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An asynchronous effect monad for PureScript.

The moral equivalent of ErrorT (ContT Unit (Eff e)) a, for effects e.

Aff lets you say goodbye to monad transformers and callback hell!

main = launchAff do
  response <- Ajax.get ""
  liftEff $ log response.body

See the tests for more examples.


bower install purescript-aff


An example of Aff is shown below:

deleteBlankLines path = do
  contents <- loadFile path
  let contents' = S.join "\n" $ A.filter (\a -> S.length a > 0) (S.split "\n" contents)
  saveFile path contents'

This looks like ordinary, synchronous, imperative code, but actually operates asynchronously without any callbacks. Error handling is baked in so you only deal with it when you want to.

The library contains instances for Semigroup, Monoid, Apply, Applicative, Bind, Monad, Alt, Plus, MonadPlus, MonadEff, and MonadError. These instances allow you to compose asynchronous code as easily as Eff, as well as interop with existing Eff code.

Escaping Callback Hell

Hopefully, you're using libraries that already use the Aff type, so you don't even have to think about callbacks!

If you're building your own library, or you have to interact with some native code that expects callbacks, then purescript-aff provides a makeAff function:

makeAff :: forall e a. ((Error -> Eff e Unit) -> (a -> Eff e Unit) -> Eff e Unit) -> Aff e a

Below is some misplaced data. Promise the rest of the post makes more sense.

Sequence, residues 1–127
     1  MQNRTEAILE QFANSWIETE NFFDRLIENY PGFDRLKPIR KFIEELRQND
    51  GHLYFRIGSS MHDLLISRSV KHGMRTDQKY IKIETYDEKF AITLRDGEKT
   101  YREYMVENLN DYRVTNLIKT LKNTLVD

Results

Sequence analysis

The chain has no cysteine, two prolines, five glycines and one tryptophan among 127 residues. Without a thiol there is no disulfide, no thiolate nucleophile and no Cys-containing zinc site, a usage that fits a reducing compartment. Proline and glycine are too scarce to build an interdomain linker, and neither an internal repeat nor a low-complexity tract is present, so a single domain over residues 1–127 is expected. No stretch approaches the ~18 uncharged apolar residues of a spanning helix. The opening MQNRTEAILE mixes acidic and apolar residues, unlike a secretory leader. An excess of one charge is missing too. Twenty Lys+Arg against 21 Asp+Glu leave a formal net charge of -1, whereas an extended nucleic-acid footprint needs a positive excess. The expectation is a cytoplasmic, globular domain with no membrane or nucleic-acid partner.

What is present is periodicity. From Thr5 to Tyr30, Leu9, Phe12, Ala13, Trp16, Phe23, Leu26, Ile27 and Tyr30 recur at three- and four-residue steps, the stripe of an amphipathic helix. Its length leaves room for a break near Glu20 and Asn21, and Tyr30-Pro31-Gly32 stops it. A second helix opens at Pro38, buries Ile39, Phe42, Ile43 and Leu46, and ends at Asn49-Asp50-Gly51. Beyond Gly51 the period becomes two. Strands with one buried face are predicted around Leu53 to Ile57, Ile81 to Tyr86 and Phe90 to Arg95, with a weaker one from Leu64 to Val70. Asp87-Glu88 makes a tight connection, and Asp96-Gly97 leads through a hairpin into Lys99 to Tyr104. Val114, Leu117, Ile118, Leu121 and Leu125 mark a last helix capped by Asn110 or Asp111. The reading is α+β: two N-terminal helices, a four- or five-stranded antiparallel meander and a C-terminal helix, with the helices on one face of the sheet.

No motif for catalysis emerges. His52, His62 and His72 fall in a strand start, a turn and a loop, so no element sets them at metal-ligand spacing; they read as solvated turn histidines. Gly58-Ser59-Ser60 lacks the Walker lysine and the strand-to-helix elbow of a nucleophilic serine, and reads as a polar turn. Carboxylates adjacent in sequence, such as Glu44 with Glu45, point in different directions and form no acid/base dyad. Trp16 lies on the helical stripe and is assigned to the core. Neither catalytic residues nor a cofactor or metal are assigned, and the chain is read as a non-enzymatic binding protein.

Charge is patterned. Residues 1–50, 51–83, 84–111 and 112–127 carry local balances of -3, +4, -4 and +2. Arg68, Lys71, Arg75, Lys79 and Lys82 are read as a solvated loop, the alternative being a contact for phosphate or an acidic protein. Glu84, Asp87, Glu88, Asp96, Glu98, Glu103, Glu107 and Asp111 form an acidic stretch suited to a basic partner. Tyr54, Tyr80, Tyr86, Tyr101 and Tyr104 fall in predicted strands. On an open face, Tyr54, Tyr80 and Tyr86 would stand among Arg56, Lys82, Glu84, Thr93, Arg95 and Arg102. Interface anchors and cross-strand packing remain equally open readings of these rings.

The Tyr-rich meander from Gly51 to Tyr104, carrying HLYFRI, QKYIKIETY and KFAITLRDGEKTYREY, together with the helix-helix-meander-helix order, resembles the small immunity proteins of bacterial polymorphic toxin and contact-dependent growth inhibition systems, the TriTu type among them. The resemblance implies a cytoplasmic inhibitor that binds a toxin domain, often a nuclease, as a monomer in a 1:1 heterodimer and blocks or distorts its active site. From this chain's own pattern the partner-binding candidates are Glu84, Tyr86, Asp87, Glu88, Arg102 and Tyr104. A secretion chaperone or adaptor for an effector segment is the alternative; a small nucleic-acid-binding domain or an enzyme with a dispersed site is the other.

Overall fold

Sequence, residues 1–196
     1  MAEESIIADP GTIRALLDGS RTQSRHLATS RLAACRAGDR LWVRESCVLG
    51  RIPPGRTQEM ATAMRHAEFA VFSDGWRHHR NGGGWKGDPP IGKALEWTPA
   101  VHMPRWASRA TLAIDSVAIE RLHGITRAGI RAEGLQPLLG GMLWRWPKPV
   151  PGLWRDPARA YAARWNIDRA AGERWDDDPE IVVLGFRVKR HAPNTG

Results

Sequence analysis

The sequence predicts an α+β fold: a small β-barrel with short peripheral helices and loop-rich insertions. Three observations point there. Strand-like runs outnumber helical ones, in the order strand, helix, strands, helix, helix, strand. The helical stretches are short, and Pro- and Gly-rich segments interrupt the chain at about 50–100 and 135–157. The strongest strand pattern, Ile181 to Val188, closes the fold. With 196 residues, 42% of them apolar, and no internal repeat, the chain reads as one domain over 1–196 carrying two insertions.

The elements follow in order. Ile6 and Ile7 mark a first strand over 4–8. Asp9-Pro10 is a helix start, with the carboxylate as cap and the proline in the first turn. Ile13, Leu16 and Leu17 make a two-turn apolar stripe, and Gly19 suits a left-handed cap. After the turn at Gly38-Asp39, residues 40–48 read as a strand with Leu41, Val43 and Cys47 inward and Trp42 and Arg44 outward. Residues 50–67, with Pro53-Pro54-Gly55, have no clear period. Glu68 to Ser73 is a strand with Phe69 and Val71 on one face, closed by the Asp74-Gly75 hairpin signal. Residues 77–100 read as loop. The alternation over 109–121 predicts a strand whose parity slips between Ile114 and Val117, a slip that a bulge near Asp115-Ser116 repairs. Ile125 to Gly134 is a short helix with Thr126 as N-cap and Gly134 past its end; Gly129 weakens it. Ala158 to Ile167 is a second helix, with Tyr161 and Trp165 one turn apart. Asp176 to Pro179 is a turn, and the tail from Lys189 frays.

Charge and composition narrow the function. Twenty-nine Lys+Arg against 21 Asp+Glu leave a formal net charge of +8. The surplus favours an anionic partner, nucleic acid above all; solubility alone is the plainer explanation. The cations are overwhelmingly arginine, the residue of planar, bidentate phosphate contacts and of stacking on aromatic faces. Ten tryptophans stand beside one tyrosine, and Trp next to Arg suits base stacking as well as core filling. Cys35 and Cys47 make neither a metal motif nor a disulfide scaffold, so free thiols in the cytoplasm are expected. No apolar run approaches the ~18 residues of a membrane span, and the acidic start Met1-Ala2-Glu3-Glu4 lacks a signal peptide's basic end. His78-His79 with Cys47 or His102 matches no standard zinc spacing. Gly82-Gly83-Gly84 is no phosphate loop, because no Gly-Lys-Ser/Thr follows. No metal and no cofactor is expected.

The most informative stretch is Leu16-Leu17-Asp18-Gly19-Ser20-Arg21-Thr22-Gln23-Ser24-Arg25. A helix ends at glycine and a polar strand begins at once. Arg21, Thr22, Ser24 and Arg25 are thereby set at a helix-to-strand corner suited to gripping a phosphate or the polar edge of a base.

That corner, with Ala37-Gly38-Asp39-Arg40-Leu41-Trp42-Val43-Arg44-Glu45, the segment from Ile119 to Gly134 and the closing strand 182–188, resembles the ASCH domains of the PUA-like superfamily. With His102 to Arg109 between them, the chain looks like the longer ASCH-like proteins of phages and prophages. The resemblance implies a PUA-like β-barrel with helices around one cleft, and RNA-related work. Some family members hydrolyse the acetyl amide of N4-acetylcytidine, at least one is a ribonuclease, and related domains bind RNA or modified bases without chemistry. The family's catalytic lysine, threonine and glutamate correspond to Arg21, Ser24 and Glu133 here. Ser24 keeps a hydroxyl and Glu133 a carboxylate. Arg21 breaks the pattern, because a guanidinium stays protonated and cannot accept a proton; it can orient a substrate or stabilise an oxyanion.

This function expects you to provide a handler, which should call a user-supplied error callback or success callback with the result of the asynchronous computation.

For example, let's say we have an AJAX request function that expects a callback:

exports.ajaxGet = function(callback) { // accepts a callback
  return function(request) { // and a request
    return function() { // returns an effect
      doNativeRequest(request, function(response) {
        callback(response)(); // callback itself returns an effect
foreign import ajaxGet :: forall e. (Response -> Eff e Unit) -> Request -> Eff e Unit

We can wrap this into an asynchronous computation like so:

ajaxGet' :: forall e. Request -> Aff e Response
ajaxGet' req = makeAff (\error success -> ajaxGet success req)

This eliminates callback hell and allows us to write code simply using do notation:

do response <- ajaxGet' req
   liftEff $ log response.body


All purely synchronous computations (Eff) can be lifted to asynchronous computations with liftEff defined in Control.Monad.Eff.Class (see here).

import Control.Monad.Eff.Class

liftEff $ log "Hello world!"

This lets you write your whole program in Aff, and still call out to synchronous code.

If your Eff code throws exceptions (err :: Exception), you can remove the exceptions using liftEff', which brings exceptions to the value level as an Either Error a:

do e <- liftEff' myExcFunc
   liftEff $ either (const $ log "Oh noes!") (const $ log "Yays!") e

Dealing with Failure

The Aff monad has error handling baked in, so ordinarily you don't have to worry about it.

When you need to deal with failure, you have several options.

  1. Attempt
  2. Alt
  3. MonadError

1. Attempt

If you want to attempt a computation but recover from failure, you can use the attempt function:

attempt :: forall e a. Aff e a -> Aff e (Either Error a)